The current working directory is not necessarily going to be the same as the the directory in which the executable resides. For instance, the ls command is in /bin, but I can execute it if I'm currently in the /home/mustafa directory. So if I'm in /home/mustafa, and I type "ls text.dat", it's not going to find it if text.dat is in /bin with the ls executable.

    Quote Originally Posted by paranoidgnu
    How can I solve this problem.Because everything is right.
    You're going to have to abandon that idea, because obviously, if everything was right, you wouldn't be having a problem.
    Last edited by itsme86; 05-12-2011 at 11:55 AM.
    If you understand what you're doing, you're not learning anything.

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    Quote Originally Posted by anduril462 View Post
    Look into the perror function for getting a message that tells why the file can't be opened. Try a 'ls -l' to see each file with it's ownership and permissions.
    -rw-rw-rw- 1 mustafa mustafa 507 2011-05-12 18:55 text.dat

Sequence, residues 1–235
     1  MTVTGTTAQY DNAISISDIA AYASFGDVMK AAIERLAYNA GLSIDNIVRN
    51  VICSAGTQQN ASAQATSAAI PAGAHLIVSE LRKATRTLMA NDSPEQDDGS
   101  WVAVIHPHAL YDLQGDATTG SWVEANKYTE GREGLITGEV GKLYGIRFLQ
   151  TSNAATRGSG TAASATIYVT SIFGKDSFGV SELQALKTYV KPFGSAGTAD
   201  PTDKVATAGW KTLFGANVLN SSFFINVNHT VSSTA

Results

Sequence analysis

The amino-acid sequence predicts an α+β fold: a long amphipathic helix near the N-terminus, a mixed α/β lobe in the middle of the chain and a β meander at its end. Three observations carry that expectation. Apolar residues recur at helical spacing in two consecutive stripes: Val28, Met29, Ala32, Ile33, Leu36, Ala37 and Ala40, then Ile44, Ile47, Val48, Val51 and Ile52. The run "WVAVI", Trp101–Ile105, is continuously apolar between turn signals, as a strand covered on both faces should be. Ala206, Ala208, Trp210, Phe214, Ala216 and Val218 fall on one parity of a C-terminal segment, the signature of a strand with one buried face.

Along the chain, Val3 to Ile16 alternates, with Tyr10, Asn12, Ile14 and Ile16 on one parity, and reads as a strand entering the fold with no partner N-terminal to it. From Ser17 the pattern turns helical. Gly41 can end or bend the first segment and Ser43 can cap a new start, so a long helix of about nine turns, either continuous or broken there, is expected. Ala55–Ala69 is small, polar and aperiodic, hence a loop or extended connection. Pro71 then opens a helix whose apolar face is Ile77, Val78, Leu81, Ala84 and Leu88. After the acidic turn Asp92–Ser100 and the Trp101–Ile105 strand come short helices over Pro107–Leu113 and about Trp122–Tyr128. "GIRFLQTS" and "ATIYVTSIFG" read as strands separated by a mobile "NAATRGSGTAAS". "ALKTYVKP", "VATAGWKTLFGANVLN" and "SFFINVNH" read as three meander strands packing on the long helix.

@Commontater
    You are right I have to be more rigorous, but it's just a question from a book.And I'm a beginner

  11. #11
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    Okay...instead of using printf to get an error messages, use perror, like so:
    Code:
    perror("Couldn't open file text.dat: ");
    It will print out the text you provided followed by a more descriptive error message. I'm guessing, like itsme86 said, it's a working directory thing, since your ownership and permissions look fine. Make that change, then give us the output of the following commands:
    Code:
    $ pwd
    $ gcc -Wall 3.c
    $ ls -l
    $ ./a.out

  12. #12
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    Quote Originally Posted by paranoidgnu View Post
    @Commontater
    You are right I have to be more rigorous, but it's just a question from a book.And I'm a beginner
    There is no excuse for poor craftsmanship...
    Really... start good habits now, so you don't spend half your time fixing the bad ones later on.
    paranoidgnu likes this.

  13. #13
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    Quote Originally Posted by CommonTater View Post
    There is no excuse for poor craftsmanship...
    Really... start good habits now, so you don't spend half your time fixing the bad ones later on.
    Thanks for your advices CommonTater.I will be more rigorous and careful.Anyway I have to be what you have said.You are right.

    Now, gdb says;